Scrutiny over Harris County’s felony bond system has increased in the wake of the surge in violent felony crimes over the last year.
The county’s top leader, Lina Hidalgo says “there isn’t one silver bullet” to correct the overwhelmed criminal justice system.
There are currently 50,000 felony cases making their way through the criminal justice system, according to the Harris County District Attorney’s Office.
KPRC 2 Investigates has reported on judges who repeatedly grant bond to violent repeat offenders, the increased number of personal bonds issued, and also highlighted the role prosecutors play in setting bond.
The biggest question from the community centers on how people are getting out on bond only to repeat violent offenses?
Experts involved in the system say part of the problem lies with the Harris Co. Pretrial Services. The department is responsible for monitoring defendants after they’ve been released from jail, but are not yet at trial.
In fact, nearly every major metropolitan area in Texas has this department.
The department works to “prove accurate and timely information” to help judges make informed decisions when granting bonds. They also work to make sure defendants follow the rules set by the judge when released from jail.
However, records reviewed by KPRC 2 Investigates revealed that’s not always happening.
A review of more than 250 murder and capital murder cases between January and September 2021 showed that in some cases, pretrial monitors did not notify the court when a defendant violated their release until months later.
Records also showed that defendants never reported for an electronic monitor or repeatedly tampered with the monitor.
“We had 300 people on electronic monitoring pre-pandemic, there are 4,000 now,” said Natalie Michailides, the Director of Harris County Pretrial Services.
Michaildes, who was appointed in September, admits her department is working to inform the court of any changes. She says they’ve established protocols to both serve defendants and the courts with better response times.
However, there also is another operational challenge her office is dealing with: staffing.
The department is working to fill 88 of 256 vacancies. 13 of those positions are in the pivotal electronic monitoring unit.
This has resulted in supervising officers “working longer hours or more days than normal,” according to Michailides. Not only are the days growing, but so are the workloads as officers don’t have caps on the number of cases.
Michailides says her department is facing the same challenge that businesses across the country are facing.
With defendants waiting longer to get their day in court, the cost to monitor them for that time period has grown.
Electronic Monitors are forcing a budget adjustment by $7.5 million, according to Harris County Pretrial Services’ annual 2020 report.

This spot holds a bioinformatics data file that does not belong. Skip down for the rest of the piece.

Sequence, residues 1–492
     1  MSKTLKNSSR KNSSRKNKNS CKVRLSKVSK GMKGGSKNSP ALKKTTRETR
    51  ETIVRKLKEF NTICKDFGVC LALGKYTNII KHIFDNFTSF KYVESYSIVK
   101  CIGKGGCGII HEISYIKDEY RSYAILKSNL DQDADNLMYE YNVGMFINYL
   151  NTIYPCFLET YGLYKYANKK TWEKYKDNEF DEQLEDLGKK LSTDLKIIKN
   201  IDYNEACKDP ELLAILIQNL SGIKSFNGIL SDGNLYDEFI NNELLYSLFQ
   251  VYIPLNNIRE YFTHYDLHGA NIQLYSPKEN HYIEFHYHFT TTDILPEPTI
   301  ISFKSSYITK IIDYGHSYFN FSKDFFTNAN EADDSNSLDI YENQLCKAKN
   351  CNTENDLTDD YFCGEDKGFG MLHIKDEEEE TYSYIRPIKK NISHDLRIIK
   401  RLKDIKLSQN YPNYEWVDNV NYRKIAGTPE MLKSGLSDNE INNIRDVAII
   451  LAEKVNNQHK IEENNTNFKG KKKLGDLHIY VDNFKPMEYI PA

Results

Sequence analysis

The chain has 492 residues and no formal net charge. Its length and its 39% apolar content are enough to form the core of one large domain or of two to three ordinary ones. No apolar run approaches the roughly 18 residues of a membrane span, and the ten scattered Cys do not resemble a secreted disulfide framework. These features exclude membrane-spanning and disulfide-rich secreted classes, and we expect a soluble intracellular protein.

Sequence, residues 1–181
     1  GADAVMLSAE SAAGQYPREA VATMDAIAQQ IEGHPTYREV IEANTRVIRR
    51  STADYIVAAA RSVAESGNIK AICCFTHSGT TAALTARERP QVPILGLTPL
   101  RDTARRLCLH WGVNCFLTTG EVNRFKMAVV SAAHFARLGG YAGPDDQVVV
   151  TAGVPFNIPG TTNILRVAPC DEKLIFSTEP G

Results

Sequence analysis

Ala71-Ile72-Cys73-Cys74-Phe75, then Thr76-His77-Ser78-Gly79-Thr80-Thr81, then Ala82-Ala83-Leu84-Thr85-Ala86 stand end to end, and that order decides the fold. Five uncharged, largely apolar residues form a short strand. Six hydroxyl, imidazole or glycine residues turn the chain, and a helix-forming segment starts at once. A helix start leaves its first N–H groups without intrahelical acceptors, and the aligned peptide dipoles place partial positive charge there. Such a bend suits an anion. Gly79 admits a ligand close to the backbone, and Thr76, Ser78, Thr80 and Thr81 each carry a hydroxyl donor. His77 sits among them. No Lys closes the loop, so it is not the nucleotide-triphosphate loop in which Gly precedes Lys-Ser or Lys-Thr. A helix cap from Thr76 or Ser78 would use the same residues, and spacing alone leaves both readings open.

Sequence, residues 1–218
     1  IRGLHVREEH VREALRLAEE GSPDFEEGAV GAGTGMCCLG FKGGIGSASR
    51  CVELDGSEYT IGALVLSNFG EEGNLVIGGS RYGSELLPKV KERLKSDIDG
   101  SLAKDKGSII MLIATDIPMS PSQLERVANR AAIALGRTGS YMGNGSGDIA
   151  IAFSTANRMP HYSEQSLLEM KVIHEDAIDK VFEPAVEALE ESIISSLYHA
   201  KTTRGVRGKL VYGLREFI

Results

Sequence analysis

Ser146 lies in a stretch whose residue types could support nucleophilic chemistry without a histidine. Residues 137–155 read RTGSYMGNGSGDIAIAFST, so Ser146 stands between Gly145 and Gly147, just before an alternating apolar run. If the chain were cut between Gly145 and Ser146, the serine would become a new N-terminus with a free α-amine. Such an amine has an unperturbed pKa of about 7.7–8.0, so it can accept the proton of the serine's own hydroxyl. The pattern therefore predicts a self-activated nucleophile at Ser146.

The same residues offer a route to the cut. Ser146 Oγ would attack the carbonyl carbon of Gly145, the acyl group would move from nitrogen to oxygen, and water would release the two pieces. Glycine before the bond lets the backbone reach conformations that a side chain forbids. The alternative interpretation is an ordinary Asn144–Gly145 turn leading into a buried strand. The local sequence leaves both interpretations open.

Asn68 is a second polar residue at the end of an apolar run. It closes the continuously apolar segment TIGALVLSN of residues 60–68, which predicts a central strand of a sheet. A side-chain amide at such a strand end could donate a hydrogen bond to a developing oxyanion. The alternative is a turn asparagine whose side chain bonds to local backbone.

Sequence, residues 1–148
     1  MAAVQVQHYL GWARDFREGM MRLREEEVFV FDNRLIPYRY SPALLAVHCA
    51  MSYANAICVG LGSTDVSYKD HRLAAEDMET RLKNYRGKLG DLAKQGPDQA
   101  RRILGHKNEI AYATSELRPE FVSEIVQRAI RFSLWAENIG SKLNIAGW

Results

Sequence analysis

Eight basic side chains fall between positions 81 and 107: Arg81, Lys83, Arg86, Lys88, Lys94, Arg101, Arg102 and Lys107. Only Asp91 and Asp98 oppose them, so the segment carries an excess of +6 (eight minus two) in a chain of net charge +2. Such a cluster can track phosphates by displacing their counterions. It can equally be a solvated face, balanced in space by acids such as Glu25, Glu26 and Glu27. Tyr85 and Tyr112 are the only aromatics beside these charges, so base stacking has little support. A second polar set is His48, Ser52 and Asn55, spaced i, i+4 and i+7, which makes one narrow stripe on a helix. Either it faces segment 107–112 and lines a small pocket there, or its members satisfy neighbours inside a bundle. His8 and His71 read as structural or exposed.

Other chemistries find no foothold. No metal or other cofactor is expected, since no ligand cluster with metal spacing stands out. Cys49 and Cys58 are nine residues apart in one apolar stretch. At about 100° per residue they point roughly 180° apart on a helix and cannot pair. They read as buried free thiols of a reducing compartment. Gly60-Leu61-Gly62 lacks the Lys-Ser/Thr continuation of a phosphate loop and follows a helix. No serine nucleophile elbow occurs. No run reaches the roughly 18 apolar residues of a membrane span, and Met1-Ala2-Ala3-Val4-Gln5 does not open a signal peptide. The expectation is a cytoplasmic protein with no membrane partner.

“The commissioners have been very supportive in funding the expansion of our services in terms of electronic monitoring, more people being on supervision for a longer period of time,” said Michailides.
SO CAN IT BE DONE BETTER, AND IF SO, WHERE?
Despite some of the same challenges, KPRC 2 Investigates traveled a few hours west to San Antonio where a similar program has garnered national attention.
“You can always improve, you can always be better,” says Mike Lozito, the head of the Pretrial Services Office in Bexar County.
Improving and being better means taking unconventional approaches that Lozito calls “therapeutic justice.”
“We’re trying to be holistic here,” says Lozito. “The best public safety is to get somebody on the right track.”
In Bexar County, the department provides immediate services and resources to defendants waiting for their day in court. Those services include treatment for mental health and addiction and help clients land jobs with companies and recruiters who visit the facility.
“We had one where we had I think it was 9 individuals that came in and I think seven of them got jobs that day,” said Lozito.
The one-of-a-kind facility has attracted officials from Atlanta, New Orleans, and Los Angeles - as well as several Texas counties – all looking to model themselves in some way after Bexar County.
“I don’t believe any county has their own kind of where they have invested in a facility that provides one-stop services,” said Lozito.
IS THIS A SOLUTION FOR HARRIS COUNTY?
Back in Harris County, Hidalgo says she’s challenged the local department to examine other counties for potential solutions.
“That is something we would look to do in the future, but right now we are focusing on the fundamentals,” said Michailides.
HARRIS COUNTY PRETRIAL SERVICES TO HIT THE ROAD
After watching Thursday night’s investigation, Harris County Pretrial Services is planning to take a business trip. They are heading to the same place KPRC 2 Investigates visited a few weeks ago, Bexar County Pretrial Services, to see how their program has become a success.
“I do plan on visiting Bexar County. I think it would be helpful to me to see what another county in Texas is doing,” said Michailides.
The trip is being planned for January, and KPRC 2 Investigates will be there to witness it.